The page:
In a similar letter 'Abdu'l-Bahá specifically refers to a hastening to realm of light. Cautioning us not to question God's wisdom, he used the analogy of a gardner whose plans are unkown to his plants.
"The death of that beloved youth and his separation from you have caused the utmost sorrow and grief; for he winged his flight in the flower of his age and the bloom of his youth to the heavenly nest. But he hath been freed from this sorrow-stricken shelter and hath turned his face toward the everlasting nest of the Kingdom, and, being delivered from a dark and narrow world, hath hastened to the sanctified realm of light; therein lieth the consolation of our hearts."
"The inscrutable divine wisdom underlieth such heartrending occurrences. It is as if a kind gardener transferreth a fresh and tender shrub from a confined place to a wide open area. This transfer is not the cause of the withering, the lessening or the destruction of that shrub; nay, on the contrary, it maketh it to grow and thrive, acquire freshness and delicacy, become green and bear fruit. This hidden secret is well known to the gardener, but those souls who are unaware of this bounty suppose that the gardner, in his anger and wrath, hath uprooted the shrub. Yet to those who are aware, this concealed fact is manifest, and this predestined decree is considered a bounty. Do not feel grieved or disconsolate, therefore, at the ascension of that bird of faithfulness; nay, under all circumstances pray for that youth, supplicating for him forgiveness and the elevation of his station." 10
On another occasion 'Abdu'l-Bahá wrote of the importance of the life to come and of the inevaiable reunion in the realm of light.
"Be not grieved at the death of thy respected husband. He hath, verily, attained the meeting of His Lord at the seat of Truth in the presence of the potent King. Do not suppose that thou hast lost him. The veil shall be lifted, and thou shalt behold his face illumined in the Supreme Concourse. Just as God, the Exalted, hath said, 'Him will we surely quicken to a happy life.' Supreme importance should be attached, therefore, not to this first creation but rather to the future life." 11
In 1912 'Abdu'l-Bahá , while speaking of the sinking of the Titanic, related that the victims journey from a dark material world to the radiant world of God was similar to the infant's journey from the womb to the outside world. As we have seen, Sagen used this same analogy in 1974 to account for the near-death-experience, but 'Abdu'l-Bahá employed this convincing metaphor to convey a powerful spiritual message.
"...When I consider this calamity in another aspect, I am consoled by the realization that the worlds of God are infinite; that though they were deprived of this existence, they have other opportunities in the life beyond, even as Christ has said, 'In my Father's house are many mansions.' They were called away from the temporary and transferred to the eternal; they abandoned this material existence and entered the portals of the spiritual world. Forgoing the pleasures and comforts of the earthly, they now partake of a joy and happiness far more abiding and real, for they have hastened to the Kingdom of God. The mercy of God is infinite, and it is our duty to remember these departed souls in our prayers and supplications that they may draw nearer and nearer to the Source itself."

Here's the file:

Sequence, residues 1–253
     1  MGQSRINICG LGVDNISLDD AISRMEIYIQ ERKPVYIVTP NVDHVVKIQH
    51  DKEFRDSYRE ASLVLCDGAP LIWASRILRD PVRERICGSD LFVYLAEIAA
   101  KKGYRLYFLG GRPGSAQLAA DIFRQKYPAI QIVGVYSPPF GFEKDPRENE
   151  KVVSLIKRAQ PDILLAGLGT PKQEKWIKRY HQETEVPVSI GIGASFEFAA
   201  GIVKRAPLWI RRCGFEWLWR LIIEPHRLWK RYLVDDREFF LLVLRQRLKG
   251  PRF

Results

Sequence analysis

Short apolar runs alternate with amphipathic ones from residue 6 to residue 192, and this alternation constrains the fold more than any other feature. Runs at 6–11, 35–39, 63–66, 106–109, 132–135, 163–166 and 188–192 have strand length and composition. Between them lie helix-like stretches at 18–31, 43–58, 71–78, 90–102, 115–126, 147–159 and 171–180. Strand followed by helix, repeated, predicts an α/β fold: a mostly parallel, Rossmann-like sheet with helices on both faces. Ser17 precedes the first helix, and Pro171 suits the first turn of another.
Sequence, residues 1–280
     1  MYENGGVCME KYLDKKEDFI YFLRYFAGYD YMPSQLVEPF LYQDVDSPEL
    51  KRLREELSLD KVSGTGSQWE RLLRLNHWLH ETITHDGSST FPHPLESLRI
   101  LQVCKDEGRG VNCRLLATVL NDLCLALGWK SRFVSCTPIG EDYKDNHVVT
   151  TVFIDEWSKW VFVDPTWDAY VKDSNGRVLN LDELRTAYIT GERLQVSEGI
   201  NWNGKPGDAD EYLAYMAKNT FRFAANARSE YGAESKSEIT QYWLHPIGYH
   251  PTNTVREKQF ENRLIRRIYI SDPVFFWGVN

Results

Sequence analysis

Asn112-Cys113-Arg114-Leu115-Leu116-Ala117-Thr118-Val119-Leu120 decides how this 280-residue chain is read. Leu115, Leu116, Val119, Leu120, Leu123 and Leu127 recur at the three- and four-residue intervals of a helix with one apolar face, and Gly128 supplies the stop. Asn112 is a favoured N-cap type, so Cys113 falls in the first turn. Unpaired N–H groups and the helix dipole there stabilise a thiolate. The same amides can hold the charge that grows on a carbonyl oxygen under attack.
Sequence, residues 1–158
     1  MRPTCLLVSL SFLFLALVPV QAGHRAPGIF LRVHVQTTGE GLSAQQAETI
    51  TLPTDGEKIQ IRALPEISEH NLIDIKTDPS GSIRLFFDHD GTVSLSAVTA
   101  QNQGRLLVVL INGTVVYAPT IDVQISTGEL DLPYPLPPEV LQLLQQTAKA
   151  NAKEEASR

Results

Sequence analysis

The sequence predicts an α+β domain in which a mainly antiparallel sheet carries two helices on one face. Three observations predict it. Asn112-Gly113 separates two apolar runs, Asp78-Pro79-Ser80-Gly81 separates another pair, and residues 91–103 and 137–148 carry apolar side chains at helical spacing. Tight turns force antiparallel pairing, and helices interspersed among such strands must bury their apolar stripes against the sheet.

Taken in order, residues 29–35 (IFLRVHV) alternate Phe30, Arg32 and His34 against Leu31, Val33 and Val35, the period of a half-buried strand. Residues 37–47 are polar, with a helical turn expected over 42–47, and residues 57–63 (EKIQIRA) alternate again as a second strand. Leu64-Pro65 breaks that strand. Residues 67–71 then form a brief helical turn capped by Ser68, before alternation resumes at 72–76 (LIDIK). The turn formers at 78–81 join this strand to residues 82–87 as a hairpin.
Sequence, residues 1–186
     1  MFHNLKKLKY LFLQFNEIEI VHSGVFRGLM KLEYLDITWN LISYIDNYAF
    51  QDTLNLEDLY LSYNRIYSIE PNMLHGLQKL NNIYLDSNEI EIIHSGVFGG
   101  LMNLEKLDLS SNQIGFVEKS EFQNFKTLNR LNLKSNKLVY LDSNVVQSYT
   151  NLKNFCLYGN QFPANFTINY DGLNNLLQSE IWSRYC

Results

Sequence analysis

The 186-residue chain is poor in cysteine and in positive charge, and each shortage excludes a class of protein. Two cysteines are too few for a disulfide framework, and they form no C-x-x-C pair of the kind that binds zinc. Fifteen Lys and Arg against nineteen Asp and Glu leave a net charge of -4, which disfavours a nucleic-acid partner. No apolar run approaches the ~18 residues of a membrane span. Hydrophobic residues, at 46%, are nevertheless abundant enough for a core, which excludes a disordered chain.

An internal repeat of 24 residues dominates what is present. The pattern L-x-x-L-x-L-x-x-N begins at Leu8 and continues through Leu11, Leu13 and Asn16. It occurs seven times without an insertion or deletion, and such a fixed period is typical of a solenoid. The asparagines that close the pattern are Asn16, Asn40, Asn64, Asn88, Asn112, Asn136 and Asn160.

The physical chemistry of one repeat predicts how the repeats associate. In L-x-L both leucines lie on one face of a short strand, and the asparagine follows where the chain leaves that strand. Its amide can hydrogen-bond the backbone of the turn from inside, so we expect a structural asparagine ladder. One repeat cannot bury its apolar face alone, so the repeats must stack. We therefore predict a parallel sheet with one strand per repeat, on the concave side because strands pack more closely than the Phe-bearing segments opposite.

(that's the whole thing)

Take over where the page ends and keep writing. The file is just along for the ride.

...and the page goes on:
"These human conditions may be likened to the matrix of the mother from which a child is to be born into the spacious outer world. At first the infant finds it very difficult to reconcile itself to its new existence. It cries as if not wishing to be separated from its narrow abode and imagining that life is restricted to that limited space. It is reluctant to leave its home, but nature forces it into this world. Having come into its new conditions, it finds that it has passed from darkness into a sphere of radiance; from gloomy and restricted surroundings it has been transferred to a spacious and delightful environment. Its nourishment was the blood of the mother; now it finds delicious food to enjoy. Its new life is filled with brightness and beauty; it looks with wonder and delight upon the mountains, meadows and fields of green, the rivers and fountains, the wonderful stars; it breathes the lifequickening atmosphere; and then it praises God for its release from the confinement of its former condition and attainment to the freedom of a new realm. This analogy expresses the relation of the temporal world to the life hereafter--the transition of the soul of man from darkness and uncertainty to the light and reality of the eternal Kingdom. At first it is very difficult to welcome death, but after attaining its new condition the soul is grateful, for it has been released from the bondage of the limited to enjoy the liberties of the unlimited. It has been freed from a world of sorrow, grief and trials to live in a world of unending bliss and joy. The phenomenal and physical have been abandoned in order that it may attain the opportunities of the ideal and spiritual. Therefore, the souls of those who have passed away from earth and completed their span of mortal pilgrimage in the Titanic disaster have hastened to a world superior to this. They have soared away from these conditions of darkness and dim vision into the realm of light. These are the only considerations which can comfort and console those whom they have left behind." 13
During another talk, 'Abdu'l-Bahá explained that just as an infant perpares itself for life outside the womb, so too must man prepare himself on this material plane for his spiritual existence.
"Therefore, in this world he must prepare himself for the life beyond. That which he needs in the world of the Kingdom must be obtained here. Just as he prepared himself in the world of the matrix by acquiring forces necessary in this sphere of existence, so, likewise, the indispensable forces of the divine existence must be potentially attained in this world."
"What is he in need of in the Kingdom which transcends the life and limitation of this mortal sphere? That world beyond is a world of sanctity and radiance; therefore, it is necessary that in this world he should acquire these divine attributes. In that world there is need of spirituality, faith, assurance, the knowledge and love of God. These he must attain in this world so that after his ascension from the earthly to the heavenly Kingdom he shall find all that is needful in that eternal life ready for him."
"That divine world is manifestly a world of lights;
therefore, man has need of illumination here."14
|chapter 2||start page||single page||chapter 4|